July 18, 2004
 As they continued their travel, Jesus entered a village. A woman by the name of Martha welcomed him and made him feel quite at home.  She had a sister, Mary, who sat before the Master, hanging on every word he said.  But Martha was pulled away by all she had to do in the kitchen. Later, she stepped in, interrupting them. "Master, don't you care that my sister has abandoned the kitchen to me? Tell her to lend me a hand."
 The Master said, "Martha, dear Martha, you're fussing far too much and getting yourself worked up over nothing.  One thing only is essential, and Mary has chosen it--it's the main course, and won't be taken from her."
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1. The New Interpreter's Study Bible note says: "Following so closely on the heels of the parable of the compassionate Samaritan, this episode reveals the nature of authentic hospitality. The welcome Jesus seeks is not worrisome, distracted domestic performance, but the attending to of this guest, whose very presence is a disclosure of the divine plan. No division between contemplative or active life can be found here, nor should we read here an admonition against the involvement of women in 'service,' a term Luke develops with reference to leadership in the mission."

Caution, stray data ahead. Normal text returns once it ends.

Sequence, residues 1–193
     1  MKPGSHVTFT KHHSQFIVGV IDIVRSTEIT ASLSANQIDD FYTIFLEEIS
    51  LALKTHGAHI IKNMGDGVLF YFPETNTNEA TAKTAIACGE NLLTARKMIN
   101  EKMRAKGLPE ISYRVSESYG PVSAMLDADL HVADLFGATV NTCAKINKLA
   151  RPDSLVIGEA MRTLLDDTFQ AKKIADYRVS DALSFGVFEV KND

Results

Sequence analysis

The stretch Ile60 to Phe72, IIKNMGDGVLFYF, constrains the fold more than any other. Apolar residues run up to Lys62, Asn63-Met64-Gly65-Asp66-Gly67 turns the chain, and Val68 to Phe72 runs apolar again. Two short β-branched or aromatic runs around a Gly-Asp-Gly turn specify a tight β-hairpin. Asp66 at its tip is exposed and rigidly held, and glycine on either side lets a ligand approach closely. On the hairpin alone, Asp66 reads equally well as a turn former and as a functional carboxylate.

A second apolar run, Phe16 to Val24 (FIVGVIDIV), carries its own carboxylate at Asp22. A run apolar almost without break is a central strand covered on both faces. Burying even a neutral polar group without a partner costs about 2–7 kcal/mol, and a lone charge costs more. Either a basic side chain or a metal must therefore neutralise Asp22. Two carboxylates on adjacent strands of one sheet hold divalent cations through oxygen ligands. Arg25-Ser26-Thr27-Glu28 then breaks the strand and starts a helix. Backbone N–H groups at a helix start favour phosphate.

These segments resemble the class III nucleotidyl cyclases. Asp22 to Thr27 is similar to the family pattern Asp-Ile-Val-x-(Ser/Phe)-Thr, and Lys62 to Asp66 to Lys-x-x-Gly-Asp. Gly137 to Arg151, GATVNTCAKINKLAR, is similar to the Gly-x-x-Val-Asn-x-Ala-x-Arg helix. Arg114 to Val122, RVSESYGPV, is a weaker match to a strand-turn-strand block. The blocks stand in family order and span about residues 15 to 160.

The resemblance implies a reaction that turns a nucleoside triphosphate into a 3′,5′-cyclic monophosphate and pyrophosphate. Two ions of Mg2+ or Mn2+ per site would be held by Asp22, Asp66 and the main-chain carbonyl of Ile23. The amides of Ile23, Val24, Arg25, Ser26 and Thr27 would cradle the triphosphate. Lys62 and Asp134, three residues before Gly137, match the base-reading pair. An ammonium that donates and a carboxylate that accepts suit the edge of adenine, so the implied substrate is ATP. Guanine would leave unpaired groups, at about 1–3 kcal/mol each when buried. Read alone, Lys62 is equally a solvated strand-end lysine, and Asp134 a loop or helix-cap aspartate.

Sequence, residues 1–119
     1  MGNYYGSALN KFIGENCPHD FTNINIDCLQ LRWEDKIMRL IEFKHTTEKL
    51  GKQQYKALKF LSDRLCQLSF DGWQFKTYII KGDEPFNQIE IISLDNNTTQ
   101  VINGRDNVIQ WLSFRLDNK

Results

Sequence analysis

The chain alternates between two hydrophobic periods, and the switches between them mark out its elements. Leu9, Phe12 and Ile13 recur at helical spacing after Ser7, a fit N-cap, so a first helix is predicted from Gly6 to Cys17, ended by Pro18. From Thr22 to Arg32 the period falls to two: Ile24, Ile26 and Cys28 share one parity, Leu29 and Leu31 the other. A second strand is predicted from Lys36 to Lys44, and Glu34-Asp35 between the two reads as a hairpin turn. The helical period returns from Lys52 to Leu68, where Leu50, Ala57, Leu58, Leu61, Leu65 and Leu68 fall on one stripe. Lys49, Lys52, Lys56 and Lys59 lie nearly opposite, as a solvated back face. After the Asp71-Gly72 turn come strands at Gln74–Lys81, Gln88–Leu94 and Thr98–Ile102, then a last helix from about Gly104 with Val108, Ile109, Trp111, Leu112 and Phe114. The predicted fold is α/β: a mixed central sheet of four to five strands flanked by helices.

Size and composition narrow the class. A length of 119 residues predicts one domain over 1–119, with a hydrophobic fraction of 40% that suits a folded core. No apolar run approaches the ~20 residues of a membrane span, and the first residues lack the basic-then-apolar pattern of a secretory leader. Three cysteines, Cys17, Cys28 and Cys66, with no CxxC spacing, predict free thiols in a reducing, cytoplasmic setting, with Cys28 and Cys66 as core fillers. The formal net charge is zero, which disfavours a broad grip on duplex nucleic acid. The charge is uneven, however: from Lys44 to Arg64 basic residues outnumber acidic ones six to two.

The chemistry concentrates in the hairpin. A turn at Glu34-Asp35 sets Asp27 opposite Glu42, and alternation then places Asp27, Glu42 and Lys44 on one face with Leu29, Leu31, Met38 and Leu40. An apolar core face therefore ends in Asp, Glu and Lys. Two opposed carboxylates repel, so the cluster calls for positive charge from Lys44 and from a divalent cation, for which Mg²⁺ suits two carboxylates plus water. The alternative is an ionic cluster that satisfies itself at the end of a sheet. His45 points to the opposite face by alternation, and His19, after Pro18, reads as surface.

2. What a vision/mission statement, "We are revealers of authentic hospitality."
3. Can that possibly be sufficient? Don't we have to name Jesus or GOD or Spirit to make it authentic? Can you imagine all the lists we will develop to define "authentic"?
How is your presence or the presence of the congregation you most associate with a "disclosure of the divine" (planned or unplanned)? To wrestle here awhile will be a fruitful use of the gift of time and energy and resources and relationships.